Far from Randolph County: Publishing is like writing against the wind (First published in the Winchester News-Gazette, May 2, 2024
When I go to parties, I’m the least likely guest to don a lampshade for attention.
Chances are you’ll find me by my lonesome in the host’s den, checking out the titles of shelved books.
Since I am the author of some two dozen books, if a guest with a thin-stemmed glass in hand buttonholes me in a corner, it’s to say they have an idea for a book.
Rarely, years later, do I run into one of those author wannabes to learn the hopeful has persevered and not only finished said book but signed with an agent or publisher.
An exception to the rule is retired Ball State University educator Roy Weaver, who in 2022 celebrated publication of a sports biography titled “Running Against the Grain: The Story of Philadelphia Eagle and Movie Star Timmy Brown.” Weaver co-wrote the biography with David Sullivan and Shawn Sriver.
Weaver has been a friend ever since 1985 when I taught journalism at Ball State with Roy’s wife Marilyn Weaver, a nationally acclaimed journalism professor and yearbook adviser. Roy once invited me to Cooperstown to play in a vintage baseball game for a nationally streamed educational show.

Hank Nuwer in New York Mutuals uniform at batting practice.


I believe it was 2006 that Roy invited me to lunch at an Italian restaurant in Noblesville and told me he was contemplating writing the life story of Thomas “Timmy” Brown, the greatest football player to wear Cardinal red.
Every few years, I’d join Roy and Marilyn for another lunch. By 2009, he had plunged into researching the extraordinarily intriguing life of Brown. Abandoned by his mother in Richmond, Brown went on to beat poverty, racism and an occasional self-defeating rebellious streak to become a legendary player at BSU and with the Eagles. At Ball State, longtime president John R. Emens took Brown under his wing, helping the youth when his grades dipped and he nearly ended his playing career.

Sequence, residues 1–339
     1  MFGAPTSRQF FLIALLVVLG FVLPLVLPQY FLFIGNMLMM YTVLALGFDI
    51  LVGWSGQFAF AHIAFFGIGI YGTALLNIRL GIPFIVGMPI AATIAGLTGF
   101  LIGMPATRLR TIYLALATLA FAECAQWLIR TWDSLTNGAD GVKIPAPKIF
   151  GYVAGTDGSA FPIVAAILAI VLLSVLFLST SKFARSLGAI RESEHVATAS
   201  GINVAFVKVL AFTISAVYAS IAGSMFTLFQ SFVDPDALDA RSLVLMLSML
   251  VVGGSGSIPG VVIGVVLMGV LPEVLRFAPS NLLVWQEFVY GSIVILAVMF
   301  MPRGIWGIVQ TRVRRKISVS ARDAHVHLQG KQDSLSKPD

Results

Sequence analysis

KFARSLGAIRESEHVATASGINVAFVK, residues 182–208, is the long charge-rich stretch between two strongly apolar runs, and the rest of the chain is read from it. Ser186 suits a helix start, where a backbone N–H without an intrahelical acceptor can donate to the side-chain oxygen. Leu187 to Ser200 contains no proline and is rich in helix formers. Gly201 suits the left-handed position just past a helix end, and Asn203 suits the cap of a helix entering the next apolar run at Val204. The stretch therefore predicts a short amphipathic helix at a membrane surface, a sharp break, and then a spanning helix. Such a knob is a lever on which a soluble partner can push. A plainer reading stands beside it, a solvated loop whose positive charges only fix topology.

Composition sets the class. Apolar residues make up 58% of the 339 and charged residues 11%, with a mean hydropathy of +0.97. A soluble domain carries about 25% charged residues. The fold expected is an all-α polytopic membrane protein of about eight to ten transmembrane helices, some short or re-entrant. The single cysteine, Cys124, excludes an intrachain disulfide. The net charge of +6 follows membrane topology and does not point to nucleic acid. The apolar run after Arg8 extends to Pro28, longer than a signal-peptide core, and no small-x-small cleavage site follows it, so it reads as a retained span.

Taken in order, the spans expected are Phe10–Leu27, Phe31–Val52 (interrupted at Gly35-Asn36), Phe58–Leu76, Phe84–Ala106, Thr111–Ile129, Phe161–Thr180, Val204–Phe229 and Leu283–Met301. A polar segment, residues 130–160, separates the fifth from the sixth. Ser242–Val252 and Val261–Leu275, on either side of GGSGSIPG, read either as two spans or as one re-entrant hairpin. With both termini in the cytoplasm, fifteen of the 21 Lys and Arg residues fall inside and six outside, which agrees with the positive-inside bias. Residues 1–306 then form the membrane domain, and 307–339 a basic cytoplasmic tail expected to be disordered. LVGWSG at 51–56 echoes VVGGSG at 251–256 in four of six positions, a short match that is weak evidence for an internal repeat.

Later he became a Hollywood actor, most famously playing Corpsman Judson in “*M*A*S*H*” and Dr. Oliver Harmon “Spearchucker” Jones in the TV versions of the film.
Brown died at 82 on April 4, 2020, not living long enough to help welcome Weaver’s well-researched, frank and tightly written bio.
Now, Roy Weaver is promoting his book, a necessary evil he embraces with good humor, a polished speaker voice and an engaging personality. (My unsolicited 2 cents is that Roy would make a great speaker for any Randolph County athletic or do-gooder organization looking for an entertaining lunch or banquet motivational speaker.)
A few weeks ago, Weaver and his wife visited a Detroit concert backstage with Dionne Warwick, a longtime friend of Brown and his one-time romantic interest.
Now, if any News-Gazette reader were to buttonhole me while I was trying to be unseen at a party, I’d say there is no secret to becoming an author. Plunging through the obstacle course of getting a book contract and spending years in research and more years in writing will take every bit of gumption and desire you can muster.
As Weaver would co-sign, you have to be honest enough to throw away perfectly good research material that doesn’t exactly fit what the book itself demands. You have to know what advice from well-meaning friends you should listen to and what advice you should let blow through both ears. You have to come home from a long day of work at your day job as Weaver did for years, and then have the discipline to work several hours after dinner.

Want to jumpstart a book of your own? Put down the thin stem at a party and pick up a pen at home.

Roy Weaver awards Ball State plaque to Cooperstown Hall of Fame ambassador Ozzie Smith